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Pa. Supreme Court: Pittsburgh can require businesses to provide paid sick leave

After four years of legal challenges, the fight over paid sick leave in Pittsburgh is over.

The skyline of downtown Pittsburgh, photographed July 11. The city's fight over paid sick leave is over.
The skyline of downtown Pittsburgh, photographed July 11. The city's fight over paid sick leave is over.Read moreGene J. Puskar / AP

Four years after Pittsburgh passed a law requiring businesses to provide paid sick leave to their workers, the Pennsylvania Supreme Court has ruled that the city had the authority to do so, because it’s a matter of public health. Allowing employees to accrue paid sick days will prevent the spread of disease and contagion, the court said Wednesday.

Implementation of the law was stalled while it worked its way through the courts. The City of Pittsburgh estimated that 40 percent of those employed by private businesses did not get paid sick leave.

The Pennsylvania Restaurant and Lodging Association — which also opposed Philadelphia’s “Fair Workweek” scheduling law — and other businesses were the primary challengers of the paid sick leave law.

The decision is noteworthy as Philadelphia has continued to pass workplace standards — like Fair Workweek and “just cause” legislation against arbitrary firings — as a way to fight poverty, and legislators in Harrisburg continue to introduce “preemption” bills that would revoke the city’s power to pass such laws. (Those bills, which have targeted Philadelphia’s own paid-sick leave law, have gone nowhere.)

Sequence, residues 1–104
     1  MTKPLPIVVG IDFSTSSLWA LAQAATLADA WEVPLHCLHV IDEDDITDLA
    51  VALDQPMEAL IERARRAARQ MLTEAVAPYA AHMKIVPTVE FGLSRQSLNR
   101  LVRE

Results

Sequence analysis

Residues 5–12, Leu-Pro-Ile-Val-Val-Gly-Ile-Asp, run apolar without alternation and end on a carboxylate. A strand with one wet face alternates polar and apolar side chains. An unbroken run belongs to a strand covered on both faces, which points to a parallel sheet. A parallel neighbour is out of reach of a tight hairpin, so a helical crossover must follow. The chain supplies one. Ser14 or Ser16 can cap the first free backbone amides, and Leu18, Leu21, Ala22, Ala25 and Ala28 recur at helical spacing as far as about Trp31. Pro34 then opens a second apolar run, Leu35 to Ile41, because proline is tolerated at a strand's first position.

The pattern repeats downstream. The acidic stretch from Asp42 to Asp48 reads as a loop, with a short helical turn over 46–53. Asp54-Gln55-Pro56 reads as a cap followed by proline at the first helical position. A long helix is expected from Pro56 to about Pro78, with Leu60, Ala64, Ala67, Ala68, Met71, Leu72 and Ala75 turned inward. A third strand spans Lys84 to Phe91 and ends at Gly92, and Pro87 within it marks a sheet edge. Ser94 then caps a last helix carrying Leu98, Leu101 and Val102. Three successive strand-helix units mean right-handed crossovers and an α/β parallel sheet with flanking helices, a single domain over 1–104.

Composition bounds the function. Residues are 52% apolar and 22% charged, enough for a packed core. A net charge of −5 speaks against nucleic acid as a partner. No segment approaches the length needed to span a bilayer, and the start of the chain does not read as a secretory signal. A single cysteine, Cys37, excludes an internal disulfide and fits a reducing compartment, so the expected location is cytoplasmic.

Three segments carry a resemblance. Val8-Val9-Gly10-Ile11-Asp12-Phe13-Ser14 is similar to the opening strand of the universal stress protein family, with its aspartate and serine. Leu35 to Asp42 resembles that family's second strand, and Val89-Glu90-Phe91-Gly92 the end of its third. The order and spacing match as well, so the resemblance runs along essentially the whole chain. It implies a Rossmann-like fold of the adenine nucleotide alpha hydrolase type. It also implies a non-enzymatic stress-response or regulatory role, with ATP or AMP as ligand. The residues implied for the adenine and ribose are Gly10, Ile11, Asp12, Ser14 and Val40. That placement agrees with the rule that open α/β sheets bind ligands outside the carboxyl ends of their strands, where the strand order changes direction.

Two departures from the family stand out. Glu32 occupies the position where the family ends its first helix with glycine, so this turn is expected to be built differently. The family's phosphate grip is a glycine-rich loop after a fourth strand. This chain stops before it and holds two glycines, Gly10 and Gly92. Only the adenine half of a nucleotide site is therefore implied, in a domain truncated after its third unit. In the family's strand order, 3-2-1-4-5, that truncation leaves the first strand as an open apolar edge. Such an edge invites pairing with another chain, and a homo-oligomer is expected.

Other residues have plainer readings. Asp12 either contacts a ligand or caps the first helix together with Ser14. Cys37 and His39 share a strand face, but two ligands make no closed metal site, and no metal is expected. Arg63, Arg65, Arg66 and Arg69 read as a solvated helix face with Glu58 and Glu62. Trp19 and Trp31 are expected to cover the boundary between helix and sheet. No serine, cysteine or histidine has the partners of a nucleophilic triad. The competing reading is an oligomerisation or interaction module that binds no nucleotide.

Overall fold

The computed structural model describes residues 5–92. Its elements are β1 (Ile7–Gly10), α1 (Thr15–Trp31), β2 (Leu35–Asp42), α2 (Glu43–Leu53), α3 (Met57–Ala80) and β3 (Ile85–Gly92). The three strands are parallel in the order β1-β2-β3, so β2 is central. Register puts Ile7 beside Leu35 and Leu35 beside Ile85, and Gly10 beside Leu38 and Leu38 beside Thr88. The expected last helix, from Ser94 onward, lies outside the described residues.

The Supreme Court’s decision likely doesn’t clear the way for Philadelphia to challenge Harrisburg on the issue of minimum wage — for one thing, there’s a specific state law that bars municipalities from raising their own minimum wage. And Jordan Yeager, a Doylestown-based lawyer who represented Pittsburgh in the paid-sick case, cautioned against applying the decision too broadly.

While the court’s opinion does affirm that there is a role for local governments to play in protecting public health, he said that “it’s hard to generalize how it would translate in any other case.”